Jehovah had formerly said to him, "I know thee by name!" And as the olive branch had been carried by he dove to Noah, so these words at a happy hour were borne to Moses on the wings of memory. Well did he know all that they comprehended-a salutation of love out of the mouth of God-the affection of a father's

heart. It was as much as to say, "Thou art one chosen out of a thousand, protected by my power and cherished by my grace." Yet it said much more than this, for God's words always contain worlds of signification. They resemble the deep and inscrutable heaven of night, which the farther it extends, is the more richly strewed with stars; and the deeper the gaze penetrates, the longer is the eye fixed in astonishment. On another occasion, Jehovah had said to Moses, "Thou hast also found grace in my sight!" And was not this expression like a heavenly archive to the prophet, filled with the most blessed documents? In it there lay the handwriting of God, corroborating his right of citizenship in heaven-an assurance of eternal life, which no gold could purchase-a record of the pardon of his sins, before which all accusers must become dumb-a bond of peace and a passport on the road to his Father's house, against which no hindrance could avail. But who is able to express all that lay contained in it! The two sentences, "I know thee by name," and "Thou hast also found grace in my sight," were as if God had bequeathed to him the whole tenderness of his heart. They arose in the midst of the darkness of his soul, like two angels of peace with balm-branches in their hands; upon which all sorrow and grief disappeared, and the dark oppression which had weighed down his bosom gave place to the most childlike confidence and the most joyful hope.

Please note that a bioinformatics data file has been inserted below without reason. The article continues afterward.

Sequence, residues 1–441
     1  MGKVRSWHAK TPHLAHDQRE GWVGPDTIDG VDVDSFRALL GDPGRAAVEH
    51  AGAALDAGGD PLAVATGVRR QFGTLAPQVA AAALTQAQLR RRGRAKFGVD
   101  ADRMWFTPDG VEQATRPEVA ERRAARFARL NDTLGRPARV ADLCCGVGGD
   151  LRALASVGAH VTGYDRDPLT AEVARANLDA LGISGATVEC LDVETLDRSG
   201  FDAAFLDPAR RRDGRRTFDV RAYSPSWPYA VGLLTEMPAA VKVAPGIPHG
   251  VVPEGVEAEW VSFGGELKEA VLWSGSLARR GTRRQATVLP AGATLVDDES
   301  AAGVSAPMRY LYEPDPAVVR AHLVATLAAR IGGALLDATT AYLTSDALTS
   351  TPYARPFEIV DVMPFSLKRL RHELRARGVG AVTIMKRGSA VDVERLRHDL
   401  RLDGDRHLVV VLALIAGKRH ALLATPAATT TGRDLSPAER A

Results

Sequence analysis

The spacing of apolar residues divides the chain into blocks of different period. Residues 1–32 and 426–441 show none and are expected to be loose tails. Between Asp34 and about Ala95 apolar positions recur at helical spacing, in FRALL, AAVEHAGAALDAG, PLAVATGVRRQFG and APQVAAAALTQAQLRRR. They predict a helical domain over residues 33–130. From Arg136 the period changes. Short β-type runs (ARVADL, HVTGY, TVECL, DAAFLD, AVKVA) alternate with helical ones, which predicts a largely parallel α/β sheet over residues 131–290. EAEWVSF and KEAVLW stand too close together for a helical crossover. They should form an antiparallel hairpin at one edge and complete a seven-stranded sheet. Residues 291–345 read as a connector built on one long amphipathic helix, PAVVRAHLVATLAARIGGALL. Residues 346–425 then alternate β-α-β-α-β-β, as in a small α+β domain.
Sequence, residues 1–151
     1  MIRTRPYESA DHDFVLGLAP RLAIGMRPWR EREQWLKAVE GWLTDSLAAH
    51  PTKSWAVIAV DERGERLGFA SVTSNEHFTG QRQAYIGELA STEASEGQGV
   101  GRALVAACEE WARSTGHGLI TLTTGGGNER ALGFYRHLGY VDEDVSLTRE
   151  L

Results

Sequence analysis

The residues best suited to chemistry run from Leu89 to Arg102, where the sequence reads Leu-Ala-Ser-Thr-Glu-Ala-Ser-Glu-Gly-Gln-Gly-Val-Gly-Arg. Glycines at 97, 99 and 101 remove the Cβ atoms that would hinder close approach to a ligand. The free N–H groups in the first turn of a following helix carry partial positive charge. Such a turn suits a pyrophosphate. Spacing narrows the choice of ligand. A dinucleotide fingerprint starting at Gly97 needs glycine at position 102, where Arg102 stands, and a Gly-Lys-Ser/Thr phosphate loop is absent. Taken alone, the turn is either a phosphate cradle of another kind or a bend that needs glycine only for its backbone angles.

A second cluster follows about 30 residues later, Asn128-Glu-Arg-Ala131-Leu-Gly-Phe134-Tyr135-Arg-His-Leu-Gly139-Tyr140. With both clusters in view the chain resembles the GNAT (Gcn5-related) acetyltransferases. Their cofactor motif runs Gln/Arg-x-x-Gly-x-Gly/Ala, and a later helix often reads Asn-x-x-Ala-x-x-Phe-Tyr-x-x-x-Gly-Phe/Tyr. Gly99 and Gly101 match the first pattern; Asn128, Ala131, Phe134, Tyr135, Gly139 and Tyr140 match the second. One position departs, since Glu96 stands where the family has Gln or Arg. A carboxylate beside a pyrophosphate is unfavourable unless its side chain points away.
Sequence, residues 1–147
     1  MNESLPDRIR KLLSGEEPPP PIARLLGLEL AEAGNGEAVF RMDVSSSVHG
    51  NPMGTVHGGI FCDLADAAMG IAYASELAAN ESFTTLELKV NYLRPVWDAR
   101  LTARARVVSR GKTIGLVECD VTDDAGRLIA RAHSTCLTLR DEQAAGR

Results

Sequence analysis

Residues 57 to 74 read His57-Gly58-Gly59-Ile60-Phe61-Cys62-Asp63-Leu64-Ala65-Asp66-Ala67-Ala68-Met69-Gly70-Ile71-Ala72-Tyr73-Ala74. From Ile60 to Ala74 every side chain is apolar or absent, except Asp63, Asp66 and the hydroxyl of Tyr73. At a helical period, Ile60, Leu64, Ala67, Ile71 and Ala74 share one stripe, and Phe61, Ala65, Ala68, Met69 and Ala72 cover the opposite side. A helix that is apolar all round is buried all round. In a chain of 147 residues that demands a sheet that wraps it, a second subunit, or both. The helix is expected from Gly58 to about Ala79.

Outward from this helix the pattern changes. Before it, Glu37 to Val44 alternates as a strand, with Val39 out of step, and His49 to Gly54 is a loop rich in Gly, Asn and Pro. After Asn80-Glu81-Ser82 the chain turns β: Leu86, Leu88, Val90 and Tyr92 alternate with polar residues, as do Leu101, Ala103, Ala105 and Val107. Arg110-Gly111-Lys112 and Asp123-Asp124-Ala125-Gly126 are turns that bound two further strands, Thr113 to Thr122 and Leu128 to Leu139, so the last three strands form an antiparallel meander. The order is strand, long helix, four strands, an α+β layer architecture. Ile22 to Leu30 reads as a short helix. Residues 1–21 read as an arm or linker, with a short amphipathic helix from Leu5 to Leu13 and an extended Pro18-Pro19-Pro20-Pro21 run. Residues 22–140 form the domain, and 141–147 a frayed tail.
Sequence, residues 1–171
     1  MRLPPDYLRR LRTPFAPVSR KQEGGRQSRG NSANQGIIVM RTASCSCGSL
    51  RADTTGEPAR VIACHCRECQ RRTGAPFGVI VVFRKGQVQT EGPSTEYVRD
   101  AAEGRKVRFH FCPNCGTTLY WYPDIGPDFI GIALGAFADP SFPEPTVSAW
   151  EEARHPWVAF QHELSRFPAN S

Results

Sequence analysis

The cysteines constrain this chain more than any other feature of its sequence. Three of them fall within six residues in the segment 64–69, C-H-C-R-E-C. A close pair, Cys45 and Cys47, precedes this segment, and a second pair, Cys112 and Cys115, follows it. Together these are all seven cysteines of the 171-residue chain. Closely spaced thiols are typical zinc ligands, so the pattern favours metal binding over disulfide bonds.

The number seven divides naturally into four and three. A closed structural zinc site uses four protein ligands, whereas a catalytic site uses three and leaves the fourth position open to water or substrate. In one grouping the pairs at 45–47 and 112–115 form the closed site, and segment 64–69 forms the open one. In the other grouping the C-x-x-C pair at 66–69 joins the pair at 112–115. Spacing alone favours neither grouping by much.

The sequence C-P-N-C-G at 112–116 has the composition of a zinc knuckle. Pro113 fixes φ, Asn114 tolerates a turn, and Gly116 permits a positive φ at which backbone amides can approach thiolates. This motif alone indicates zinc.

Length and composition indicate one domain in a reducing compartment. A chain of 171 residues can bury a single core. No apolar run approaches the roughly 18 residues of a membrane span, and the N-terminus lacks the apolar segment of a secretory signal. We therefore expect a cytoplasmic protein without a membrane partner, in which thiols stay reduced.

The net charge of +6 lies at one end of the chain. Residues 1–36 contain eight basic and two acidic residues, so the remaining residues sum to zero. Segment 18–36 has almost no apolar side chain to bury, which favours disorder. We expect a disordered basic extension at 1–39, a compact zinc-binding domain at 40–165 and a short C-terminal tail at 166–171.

How happy should we be, my brethren, if at any time of our life's pilgrimage such sentences of God should be addressed to us! It might happen that